As a newly-developed process is prepared for delivery into the production world, one of the last things that has to happen to effect a transition is the development of compact models for use in design simulation. And, of course, these days, such a model must account for process variations, which means covering the wide range of corners that a process can have to capture the statistics.
We’ve seen some of this before with Solido, but according to newcomer GSS, whom my colleague Dick Selwood explored at some length back when GSS was getting started, most other tools model processes as Gaussian, and the world isn’t actually Gaussian. Also, the existing tools help with simulation, but they don’t create a model.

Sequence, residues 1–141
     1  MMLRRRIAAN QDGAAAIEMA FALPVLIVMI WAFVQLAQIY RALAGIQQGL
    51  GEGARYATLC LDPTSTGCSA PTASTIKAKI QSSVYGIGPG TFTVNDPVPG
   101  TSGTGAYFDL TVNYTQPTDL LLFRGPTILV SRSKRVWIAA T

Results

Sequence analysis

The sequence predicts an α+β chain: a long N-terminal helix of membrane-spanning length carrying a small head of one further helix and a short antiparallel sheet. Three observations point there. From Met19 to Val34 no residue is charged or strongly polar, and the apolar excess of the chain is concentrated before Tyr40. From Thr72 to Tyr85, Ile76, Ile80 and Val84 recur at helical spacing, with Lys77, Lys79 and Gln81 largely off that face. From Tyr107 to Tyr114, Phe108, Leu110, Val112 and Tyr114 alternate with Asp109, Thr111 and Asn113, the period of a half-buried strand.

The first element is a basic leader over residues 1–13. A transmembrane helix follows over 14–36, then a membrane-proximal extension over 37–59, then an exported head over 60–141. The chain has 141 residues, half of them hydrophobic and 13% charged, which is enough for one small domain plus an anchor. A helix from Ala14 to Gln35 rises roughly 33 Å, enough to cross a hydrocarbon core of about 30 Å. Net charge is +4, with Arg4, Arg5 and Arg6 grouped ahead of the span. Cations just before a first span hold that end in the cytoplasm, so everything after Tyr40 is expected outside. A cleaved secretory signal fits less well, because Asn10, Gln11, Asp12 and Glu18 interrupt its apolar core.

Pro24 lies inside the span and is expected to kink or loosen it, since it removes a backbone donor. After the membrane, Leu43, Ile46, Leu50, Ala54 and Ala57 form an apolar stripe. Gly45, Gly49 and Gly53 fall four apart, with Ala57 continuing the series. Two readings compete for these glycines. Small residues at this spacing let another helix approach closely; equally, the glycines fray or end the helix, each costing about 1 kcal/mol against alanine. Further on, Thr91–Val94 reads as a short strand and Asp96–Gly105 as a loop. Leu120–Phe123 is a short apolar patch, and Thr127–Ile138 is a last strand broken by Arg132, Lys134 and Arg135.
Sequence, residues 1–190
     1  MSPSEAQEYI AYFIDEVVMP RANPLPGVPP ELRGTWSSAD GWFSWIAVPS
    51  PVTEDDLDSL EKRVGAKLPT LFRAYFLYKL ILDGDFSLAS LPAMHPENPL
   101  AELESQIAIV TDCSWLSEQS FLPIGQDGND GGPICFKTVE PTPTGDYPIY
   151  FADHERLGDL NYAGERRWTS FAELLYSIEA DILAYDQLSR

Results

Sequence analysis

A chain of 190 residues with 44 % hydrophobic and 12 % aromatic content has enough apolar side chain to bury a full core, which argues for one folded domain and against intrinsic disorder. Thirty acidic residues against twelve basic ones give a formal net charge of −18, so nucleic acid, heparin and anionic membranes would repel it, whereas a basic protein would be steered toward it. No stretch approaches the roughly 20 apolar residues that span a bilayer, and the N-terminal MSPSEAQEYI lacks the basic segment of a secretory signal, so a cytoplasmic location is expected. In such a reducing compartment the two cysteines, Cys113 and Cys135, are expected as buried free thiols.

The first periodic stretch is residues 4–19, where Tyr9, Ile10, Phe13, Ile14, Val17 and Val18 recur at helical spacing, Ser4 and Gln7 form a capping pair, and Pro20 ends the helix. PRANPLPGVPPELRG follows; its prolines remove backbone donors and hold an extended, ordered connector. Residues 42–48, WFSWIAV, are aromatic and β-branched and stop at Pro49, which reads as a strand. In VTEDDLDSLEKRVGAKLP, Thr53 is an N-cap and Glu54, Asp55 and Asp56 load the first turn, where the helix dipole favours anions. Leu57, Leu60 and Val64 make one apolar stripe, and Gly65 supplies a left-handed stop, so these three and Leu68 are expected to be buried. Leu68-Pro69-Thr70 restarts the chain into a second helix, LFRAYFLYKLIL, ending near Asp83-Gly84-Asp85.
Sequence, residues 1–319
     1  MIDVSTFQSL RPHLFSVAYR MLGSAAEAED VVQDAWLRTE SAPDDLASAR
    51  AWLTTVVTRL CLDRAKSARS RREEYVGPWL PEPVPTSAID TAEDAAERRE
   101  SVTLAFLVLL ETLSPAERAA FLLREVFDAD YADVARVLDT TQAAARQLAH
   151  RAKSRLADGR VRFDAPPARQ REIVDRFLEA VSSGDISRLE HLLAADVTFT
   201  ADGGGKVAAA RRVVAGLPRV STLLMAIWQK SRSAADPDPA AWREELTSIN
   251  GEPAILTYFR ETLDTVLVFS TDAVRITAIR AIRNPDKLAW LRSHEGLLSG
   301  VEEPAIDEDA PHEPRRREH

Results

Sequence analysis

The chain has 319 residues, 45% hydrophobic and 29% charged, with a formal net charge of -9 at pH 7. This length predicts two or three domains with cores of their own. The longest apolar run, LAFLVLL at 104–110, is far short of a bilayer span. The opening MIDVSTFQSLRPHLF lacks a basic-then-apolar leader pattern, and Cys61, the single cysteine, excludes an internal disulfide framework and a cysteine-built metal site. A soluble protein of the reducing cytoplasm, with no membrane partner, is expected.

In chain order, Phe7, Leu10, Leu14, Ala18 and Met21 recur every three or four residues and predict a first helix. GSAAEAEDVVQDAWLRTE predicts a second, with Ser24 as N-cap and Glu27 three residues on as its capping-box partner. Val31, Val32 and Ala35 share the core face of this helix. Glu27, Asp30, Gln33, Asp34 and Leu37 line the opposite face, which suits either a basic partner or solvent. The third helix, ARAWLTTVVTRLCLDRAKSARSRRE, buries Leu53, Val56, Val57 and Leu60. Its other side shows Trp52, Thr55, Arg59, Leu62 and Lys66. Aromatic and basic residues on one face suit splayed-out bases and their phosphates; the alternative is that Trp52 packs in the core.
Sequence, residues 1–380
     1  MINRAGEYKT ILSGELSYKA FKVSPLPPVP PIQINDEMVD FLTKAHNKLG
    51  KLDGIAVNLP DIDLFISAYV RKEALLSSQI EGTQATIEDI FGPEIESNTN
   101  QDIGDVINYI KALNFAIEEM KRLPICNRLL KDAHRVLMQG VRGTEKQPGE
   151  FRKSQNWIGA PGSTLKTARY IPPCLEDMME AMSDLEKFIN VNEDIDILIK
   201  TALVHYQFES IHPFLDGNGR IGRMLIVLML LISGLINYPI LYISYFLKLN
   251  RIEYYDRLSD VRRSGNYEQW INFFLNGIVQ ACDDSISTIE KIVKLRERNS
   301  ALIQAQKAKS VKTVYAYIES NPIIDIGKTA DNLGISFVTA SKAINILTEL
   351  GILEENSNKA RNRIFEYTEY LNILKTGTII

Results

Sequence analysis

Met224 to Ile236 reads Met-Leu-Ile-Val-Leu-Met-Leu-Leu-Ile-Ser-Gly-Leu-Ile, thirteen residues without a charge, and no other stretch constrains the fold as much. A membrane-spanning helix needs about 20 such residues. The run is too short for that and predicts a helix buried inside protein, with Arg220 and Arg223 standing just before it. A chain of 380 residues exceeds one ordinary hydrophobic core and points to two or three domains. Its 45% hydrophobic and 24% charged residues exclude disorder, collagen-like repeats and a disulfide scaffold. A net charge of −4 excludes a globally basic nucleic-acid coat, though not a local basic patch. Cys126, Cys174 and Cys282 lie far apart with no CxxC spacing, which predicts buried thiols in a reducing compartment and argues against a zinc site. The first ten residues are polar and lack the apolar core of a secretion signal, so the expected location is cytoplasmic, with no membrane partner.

Well, GSS has now released their tool. It works as a “wrapper” to a simulator, as these tools are wont to do. So it doesn’t do the actual simulation; you pick whatever simulator you want to work with, along with the circuit and model strategy, and the GSS tool creates the corners to be run – on the order of a couple thousand runs. Because of the independence of the runs, this scales perfectly with additional processors; you specify the number of processors and it handles the load management.
It then builds a model with statistical features that no other models have; the model itself has time-dependent capabilities for characteristics that evolve over time. In this manner, they say that it bridges TCAD and production EDA in a way that no other tool does.
They announced their tool in a somewhat indirect fashion, focusing on the possibility of unforeseen SRAM yield issues at the 20-nm node. You can see more about the details of that discussion in their release.